Irritable bowels leak bacteria
In a laboratory test mucous membrane tissue in patients with irritable bowel syndrome (IBS) let twice the numbers of bacteria pass through compared with those of healthy persons.
About one in ten Norwegians suffers from irritable bowel syndrome (IBS). Their most common symptoms are stomach cramps, diarrhoea, constipation and flatulence.
But medical science has struggled to find the cause of this affliction. As late as this summer experts in the field concluded that IBS can have several causes and defined the syndrome as neither a disease nor a mental disorder.
Swedish researchers have now found something that seems to be significantly different between healthy persons and those who suffer IBS.
Live mucous membranes
“People with IBS are often viewed as a diffuse group. Our study shows that patients with IBS actually differ from healthy individuals with regard to how their intestines react to bacteria,” says Åsa Keita at Linköping University in a press release.
She and her research colleagues took tissue samples of the mucous membranes of the intestines among 37 IBS-stricken women and a control group of healthy women.
The researchers kept this tissue alive in a laboratory and investigated how it reacted to bacteria, both beneficial bacteria which should be found among normal intestinal flora and harmful salmonella bacteria which have earlier been linked to IBS.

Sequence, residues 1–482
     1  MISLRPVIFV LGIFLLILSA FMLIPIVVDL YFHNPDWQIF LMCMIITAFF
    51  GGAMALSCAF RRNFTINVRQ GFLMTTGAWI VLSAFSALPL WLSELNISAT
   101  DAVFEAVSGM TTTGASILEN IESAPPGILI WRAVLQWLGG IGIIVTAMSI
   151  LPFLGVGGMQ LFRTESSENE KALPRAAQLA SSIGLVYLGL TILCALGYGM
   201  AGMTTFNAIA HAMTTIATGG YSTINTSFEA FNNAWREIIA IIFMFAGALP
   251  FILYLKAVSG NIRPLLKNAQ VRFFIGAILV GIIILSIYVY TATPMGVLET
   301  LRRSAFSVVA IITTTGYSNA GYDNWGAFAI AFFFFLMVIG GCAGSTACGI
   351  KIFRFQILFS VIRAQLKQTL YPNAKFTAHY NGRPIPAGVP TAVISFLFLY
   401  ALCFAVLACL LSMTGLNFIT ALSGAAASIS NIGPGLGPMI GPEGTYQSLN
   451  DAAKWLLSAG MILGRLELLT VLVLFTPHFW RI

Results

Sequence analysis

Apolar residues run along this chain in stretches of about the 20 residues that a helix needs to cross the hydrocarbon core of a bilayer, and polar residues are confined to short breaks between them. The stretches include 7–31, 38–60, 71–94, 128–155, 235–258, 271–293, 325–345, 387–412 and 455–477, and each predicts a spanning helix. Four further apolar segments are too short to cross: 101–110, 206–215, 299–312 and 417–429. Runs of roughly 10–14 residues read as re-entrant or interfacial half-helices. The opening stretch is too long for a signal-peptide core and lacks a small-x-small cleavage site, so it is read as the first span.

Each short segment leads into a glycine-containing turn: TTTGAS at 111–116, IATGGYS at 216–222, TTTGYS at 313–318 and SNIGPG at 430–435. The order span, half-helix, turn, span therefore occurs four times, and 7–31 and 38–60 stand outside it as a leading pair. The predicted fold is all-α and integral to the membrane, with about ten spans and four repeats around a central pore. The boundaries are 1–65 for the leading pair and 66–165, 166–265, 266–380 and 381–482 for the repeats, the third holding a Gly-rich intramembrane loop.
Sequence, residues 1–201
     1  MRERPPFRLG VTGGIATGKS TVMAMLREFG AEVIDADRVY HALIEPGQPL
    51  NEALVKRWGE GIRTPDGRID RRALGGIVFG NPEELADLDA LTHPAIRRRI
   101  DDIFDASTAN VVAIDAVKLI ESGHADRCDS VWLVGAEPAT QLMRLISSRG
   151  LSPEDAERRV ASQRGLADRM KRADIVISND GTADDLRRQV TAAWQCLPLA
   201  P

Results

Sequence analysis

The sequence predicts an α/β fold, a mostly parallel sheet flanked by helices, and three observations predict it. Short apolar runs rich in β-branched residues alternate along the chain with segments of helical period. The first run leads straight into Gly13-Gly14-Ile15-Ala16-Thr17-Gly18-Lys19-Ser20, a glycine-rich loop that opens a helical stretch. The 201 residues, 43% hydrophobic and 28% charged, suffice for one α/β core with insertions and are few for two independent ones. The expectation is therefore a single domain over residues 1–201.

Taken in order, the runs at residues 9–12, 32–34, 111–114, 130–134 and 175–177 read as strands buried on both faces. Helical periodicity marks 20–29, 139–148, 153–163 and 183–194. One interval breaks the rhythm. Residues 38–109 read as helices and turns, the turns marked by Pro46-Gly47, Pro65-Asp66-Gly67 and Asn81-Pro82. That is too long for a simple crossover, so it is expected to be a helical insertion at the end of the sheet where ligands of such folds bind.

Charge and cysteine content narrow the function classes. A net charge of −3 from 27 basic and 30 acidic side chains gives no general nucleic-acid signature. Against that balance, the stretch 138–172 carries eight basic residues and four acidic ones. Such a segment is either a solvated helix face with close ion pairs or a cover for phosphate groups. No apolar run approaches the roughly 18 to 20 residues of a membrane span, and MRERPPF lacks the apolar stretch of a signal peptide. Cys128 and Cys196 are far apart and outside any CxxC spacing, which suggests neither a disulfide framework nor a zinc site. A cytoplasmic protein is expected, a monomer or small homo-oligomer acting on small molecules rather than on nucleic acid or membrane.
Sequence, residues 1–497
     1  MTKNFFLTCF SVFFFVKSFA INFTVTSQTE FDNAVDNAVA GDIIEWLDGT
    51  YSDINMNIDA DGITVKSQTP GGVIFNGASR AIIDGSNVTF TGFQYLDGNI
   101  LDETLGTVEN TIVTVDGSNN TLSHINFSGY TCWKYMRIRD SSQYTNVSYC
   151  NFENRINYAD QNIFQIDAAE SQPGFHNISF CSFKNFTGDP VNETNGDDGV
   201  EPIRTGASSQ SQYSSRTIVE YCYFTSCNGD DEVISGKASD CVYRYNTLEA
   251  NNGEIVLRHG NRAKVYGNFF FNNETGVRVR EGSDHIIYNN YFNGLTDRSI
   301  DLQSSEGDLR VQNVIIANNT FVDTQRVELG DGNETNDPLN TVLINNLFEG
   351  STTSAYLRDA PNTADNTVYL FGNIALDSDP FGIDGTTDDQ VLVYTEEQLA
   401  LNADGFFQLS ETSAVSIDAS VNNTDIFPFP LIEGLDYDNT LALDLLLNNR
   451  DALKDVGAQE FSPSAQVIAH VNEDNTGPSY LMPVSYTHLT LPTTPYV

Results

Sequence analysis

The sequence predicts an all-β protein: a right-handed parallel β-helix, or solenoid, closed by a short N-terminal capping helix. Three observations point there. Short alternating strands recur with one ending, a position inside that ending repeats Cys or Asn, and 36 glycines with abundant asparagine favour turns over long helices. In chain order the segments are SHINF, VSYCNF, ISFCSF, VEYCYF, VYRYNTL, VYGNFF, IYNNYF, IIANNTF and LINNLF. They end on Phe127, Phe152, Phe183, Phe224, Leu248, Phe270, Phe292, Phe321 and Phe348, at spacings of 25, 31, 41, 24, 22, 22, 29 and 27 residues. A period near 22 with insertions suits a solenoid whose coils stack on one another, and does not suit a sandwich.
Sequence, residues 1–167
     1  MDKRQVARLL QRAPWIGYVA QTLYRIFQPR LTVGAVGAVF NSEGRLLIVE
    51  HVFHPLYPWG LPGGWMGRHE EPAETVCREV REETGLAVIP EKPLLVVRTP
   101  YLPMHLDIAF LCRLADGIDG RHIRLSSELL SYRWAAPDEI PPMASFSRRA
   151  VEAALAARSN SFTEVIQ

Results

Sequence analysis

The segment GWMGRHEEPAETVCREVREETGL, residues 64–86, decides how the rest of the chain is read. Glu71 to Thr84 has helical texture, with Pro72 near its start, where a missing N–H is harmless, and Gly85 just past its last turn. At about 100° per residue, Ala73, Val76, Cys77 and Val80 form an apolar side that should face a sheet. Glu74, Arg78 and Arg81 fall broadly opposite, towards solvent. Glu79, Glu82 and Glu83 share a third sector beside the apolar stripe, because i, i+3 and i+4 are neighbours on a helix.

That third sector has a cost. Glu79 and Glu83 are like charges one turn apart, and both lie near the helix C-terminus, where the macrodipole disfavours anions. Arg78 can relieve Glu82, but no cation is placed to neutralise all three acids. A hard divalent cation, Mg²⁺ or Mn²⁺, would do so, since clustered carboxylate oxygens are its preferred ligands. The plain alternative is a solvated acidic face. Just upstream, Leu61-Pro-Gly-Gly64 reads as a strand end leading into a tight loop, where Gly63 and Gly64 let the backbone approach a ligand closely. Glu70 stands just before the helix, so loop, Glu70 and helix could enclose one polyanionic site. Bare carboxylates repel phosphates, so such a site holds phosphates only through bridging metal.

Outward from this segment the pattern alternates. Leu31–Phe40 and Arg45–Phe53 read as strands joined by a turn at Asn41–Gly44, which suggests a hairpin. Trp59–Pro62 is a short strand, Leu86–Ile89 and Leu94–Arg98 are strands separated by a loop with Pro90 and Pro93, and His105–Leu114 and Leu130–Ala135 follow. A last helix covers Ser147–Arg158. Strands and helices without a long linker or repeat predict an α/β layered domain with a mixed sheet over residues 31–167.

“The tissue samples from IBS patients let twice as many bacteria pass through as tissue from healthy persons,” said Keita in an interview with Sweden’s national broadcaster, Sveriges Radio.
Far from a cure
Doctors say that the mucous coating in the large intestine is the first line of defence against intestinal bacteria.
“The findings are not directly transferable to the reality in patients and has to be analysed more,” stresses Keita.
“But we see that there is something that makes the layers of the mucous membrane more sensitive to bacteria among those afflicted than among healthy persons.”
Keita calls for patience regarding a prospective cure for IBS.
“This would have to be much further down the road,” says Keita.
Sufferers are currently advised to give consideration to their eating habits – their diets. A study last year concluded that persons with IBS can improve by avoiding consumption of beans, lentils, onions and cauliflower.
Translated by: Glenn Ostling
- Bednarska, Keita et al.: Vasoactive Intestinal Polypeptide and Mast Cells Regulate Increased Passage of Colonic Bacteria in Patients With Irritable Bowel Syndrome. Gastroenterology, July 2017, doi: 10.1053/j.gastro.2017.06.051. Abstract
First image of an irritable bowel
Just a few years ago many in the medical profession thought that the common intestinal malady irritable bowel syndrome (IBS) was psychological – with its origins in the head, not the gut. But Norwegian medical researchers have shown that the intestines of IBS patients do react to food in a special way.